The next day the Guillotine was removed back to the scene of its longest triumphs—the Place de la Révolution—where on the 28th of July it avenged humanity on Robespierre and twenty-one of his followers; on the next day sixty-nine, and on the day after thirteen more of his associates fell, amongst whom were most of the judges, juries, and officers of the Revolutionary Tribunal, and a majority of the Commune of Paris—greater monsters, if possible, than the members of the Tribunal. Here indeed the trite quotation—
"Neque enim lex aequior ulla
Quam necis artifices arte perire suâ,"—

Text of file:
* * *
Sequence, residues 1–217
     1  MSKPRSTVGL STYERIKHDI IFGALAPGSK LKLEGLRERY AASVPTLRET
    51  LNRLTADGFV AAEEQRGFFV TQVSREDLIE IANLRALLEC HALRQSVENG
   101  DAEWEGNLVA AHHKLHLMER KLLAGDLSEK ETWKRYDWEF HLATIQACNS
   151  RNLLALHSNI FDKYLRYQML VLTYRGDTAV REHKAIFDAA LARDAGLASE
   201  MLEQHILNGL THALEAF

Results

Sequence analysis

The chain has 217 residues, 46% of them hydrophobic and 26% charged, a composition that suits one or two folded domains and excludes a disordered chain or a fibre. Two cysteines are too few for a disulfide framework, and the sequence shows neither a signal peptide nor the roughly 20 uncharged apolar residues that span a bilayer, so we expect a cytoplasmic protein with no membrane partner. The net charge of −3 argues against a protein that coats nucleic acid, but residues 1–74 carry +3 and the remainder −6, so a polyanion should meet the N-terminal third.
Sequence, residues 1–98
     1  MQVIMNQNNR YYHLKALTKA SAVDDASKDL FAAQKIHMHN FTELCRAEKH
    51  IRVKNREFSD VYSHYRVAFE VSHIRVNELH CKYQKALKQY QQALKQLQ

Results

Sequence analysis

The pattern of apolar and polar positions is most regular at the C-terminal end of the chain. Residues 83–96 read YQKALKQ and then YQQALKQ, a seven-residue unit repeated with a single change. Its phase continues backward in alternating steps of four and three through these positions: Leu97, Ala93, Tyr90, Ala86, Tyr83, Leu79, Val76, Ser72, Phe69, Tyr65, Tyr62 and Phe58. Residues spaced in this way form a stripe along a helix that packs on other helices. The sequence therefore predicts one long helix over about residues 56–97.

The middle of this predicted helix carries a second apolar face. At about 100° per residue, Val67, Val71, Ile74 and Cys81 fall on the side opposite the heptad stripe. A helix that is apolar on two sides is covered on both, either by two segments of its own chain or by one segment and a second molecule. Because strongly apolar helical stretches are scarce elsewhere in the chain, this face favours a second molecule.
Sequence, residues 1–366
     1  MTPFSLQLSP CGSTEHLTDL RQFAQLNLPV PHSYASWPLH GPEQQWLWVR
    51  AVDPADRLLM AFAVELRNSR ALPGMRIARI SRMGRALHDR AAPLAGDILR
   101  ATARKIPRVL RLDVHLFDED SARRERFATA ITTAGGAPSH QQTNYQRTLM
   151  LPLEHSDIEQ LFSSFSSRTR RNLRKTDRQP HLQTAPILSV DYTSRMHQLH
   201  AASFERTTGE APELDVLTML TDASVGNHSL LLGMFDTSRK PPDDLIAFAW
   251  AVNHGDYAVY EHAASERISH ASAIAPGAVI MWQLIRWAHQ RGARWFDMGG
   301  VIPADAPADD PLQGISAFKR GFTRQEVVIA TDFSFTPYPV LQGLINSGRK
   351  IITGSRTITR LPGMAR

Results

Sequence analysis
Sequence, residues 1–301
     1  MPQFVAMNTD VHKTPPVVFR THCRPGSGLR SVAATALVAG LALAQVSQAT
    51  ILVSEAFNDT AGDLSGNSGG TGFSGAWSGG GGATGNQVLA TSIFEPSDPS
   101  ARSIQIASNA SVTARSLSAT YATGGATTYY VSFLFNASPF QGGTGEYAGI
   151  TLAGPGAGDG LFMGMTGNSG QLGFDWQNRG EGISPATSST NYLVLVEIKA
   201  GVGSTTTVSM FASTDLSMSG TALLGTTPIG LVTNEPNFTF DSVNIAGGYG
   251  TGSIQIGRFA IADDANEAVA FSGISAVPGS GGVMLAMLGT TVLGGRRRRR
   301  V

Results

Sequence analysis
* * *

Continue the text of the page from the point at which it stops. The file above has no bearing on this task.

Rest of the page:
may be applied with incomparable propriety.
Of the operations of the Guillotine in the Departments during the Parisian Reign of Terror we have very scanty information. We only know that in most of the great towns it was in permanent activity, and that in some remarkable instances, as at Avignon, Nantes, and Lyons, its operations were found too slow for "the vengeance of the people" and were assisted by the wholesale massacres of fusillades and noyades. At Nantes, and some other places, the Conventional Proconsuls carried M. de Clermont Tonnère's principle to the extreme extent of ostentatiously inviting the Executioner to dinner.
For some months after the fall of Robespierre the Parisian Guillotine was, though not permanently, yet actively, employed against his immediate followers; and, subsequently, against the tail (as it was called) of his faction, who attempted to revive the Reign of